Response to Mish-Mash Ecologism.
From a first quick skim:
- agrees with need for widening of climate politics to appear to wider base (i.e. working class)
- seems less critical of degrowth
- finds issue with the US focus of Huber
- brings in anti-imperialism to the debate
What matters here is that, like all eco-modernists, Huber assumes capitalist industrialization is the pinnacle of technological advancement. Technology progresses, they suppose, in a linear fashion from inefficient and labour-intensive systems to efficient, energy-intensive, labour-saving ones. Hence, for Huber as for Phillips, the aim should be ‘to take over the machine, not turn it off!’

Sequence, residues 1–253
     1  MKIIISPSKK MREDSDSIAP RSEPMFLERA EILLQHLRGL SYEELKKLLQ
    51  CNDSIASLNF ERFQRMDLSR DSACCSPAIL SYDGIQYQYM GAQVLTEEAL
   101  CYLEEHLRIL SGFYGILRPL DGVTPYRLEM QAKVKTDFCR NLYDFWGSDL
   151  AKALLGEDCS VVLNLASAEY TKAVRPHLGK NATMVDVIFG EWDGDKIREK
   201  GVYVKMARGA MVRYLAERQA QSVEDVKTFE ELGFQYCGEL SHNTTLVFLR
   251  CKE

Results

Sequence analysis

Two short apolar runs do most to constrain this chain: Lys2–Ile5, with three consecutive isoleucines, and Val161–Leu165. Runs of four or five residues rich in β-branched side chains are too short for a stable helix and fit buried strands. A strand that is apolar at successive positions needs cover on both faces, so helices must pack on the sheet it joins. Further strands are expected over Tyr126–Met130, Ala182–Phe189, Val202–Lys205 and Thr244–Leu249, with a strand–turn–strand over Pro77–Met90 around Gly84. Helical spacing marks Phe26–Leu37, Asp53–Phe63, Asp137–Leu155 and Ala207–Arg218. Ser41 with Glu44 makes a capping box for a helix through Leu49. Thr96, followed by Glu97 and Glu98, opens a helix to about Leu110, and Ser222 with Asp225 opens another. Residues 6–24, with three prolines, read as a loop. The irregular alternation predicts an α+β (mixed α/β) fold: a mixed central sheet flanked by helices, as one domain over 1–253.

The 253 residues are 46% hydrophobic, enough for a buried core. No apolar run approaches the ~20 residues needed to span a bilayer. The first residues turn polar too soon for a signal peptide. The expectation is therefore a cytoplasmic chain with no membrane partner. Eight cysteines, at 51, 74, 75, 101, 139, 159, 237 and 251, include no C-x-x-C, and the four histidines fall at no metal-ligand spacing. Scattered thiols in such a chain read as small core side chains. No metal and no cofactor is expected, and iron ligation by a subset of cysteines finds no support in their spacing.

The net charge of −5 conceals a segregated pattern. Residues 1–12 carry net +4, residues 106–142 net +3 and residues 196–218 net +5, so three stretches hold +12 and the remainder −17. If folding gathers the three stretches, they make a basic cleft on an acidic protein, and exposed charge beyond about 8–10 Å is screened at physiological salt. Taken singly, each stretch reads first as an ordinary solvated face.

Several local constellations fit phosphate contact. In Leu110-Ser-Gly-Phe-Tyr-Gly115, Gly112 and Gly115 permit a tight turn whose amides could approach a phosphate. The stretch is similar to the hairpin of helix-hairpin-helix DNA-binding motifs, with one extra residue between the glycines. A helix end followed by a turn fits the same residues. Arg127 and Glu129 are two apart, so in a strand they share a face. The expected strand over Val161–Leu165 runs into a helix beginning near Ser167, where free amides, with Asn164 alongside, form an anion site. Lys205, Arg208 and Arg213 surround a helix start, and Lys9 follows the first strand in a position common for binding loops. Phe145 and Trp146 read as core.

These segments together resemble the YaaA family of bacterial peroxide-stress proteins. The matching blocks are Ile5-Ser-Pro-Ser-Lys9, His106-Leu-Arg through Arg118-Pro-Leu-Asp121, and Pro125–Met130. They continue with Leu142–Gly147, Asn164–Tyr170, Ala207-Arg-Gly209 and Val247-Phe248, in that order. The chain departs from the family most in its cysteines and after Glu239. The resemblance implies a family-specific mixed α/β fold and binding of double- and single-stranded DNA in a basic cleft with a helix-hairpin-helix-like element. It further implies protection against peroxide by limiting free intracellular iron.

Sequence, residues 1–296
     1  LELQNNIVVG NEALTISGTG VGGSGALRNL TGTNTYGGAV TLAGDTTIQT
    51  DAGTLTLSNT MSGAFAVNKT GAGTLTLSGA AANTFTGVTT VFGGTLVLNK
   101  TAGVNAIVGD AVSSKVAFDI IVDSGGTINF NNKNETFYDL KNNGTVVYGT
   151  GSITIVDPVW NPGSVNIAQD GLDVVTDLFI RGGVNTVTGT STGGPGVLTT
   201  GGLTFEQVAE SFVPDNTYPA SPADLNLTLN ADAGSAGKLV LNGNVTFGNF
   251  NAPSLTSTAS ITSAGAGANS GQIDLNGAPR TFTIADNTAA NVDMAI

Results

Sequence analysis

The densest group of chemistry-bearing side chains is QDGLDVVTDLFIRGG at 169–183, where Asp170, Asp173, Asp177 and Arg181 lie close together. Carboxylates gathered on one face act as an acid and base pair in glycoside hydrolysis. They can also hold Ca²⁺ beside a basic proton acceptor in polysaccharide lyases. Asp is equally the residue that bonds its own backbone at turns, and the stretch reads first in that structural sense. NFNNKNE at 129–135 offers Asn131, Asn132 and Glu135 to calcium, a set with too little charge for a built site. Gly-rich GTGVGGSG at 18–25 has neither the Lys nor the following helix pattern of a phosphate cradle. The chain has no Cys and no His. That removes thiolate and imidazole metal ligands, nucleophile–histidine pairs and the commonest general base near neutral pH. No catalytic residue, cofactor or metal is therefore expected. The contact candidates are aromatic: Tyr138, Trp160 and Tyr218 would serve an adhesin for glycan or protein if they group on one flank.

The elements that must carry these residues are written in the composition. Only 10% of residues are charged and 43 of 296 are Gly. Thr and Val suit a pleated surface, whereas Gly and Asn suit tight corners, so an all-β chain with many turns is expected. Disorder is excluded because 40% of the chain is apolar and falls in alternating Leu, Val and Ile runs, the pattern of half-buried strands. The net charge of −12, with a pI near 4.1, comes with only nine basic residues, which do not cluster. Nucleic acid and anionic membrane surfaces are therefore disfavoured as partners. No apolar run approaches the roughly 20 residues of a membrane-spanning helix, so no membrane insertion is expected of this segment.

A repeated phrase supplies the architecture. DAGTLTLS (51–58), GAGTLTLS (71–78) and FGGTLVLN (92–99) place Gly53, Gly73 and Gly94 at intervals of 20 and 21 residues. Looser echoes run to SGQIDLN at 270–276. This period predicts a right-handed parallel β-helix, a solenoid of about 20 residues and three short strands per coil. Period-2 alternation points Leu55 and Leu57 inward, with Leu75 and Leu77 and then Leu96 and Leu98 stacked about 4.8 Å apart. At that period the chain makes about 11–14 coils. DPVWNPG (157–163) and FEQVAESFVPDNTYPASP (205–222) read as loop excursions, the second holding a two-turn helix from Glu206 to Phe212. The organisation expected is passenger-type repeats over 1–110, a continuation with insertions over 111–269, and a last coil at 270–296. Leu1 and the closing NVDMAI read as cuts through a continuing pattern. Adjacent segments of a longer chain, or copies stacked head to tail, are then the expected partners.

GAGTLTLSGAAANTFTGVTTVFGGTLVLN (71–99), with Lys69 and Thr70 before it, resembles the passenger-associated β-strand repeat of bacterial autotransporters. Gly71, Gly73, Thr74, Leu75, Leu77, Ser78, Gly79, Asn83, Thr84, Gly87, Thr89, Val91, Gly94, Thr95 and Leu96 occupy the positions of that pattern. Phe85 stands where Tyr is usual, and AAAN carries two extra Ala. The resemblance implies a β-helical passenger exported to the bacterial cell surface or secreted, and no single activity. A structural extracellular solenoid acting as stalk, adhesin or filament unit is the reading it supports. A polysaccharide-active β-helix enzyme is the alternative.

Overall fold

Instead of seeing capital’s abolition as the unfettering of productive forces, it is better to view it as freeing the world’s producers to choose from a richer and more diverse array of technologies and socio-ecological relations than capitalist industrialization can offer.
The question, then, is not about whether one is for or against technology – as if this were possible. It is about adopting appropriate technologies and collectively managing energy and food systems at relevant scales.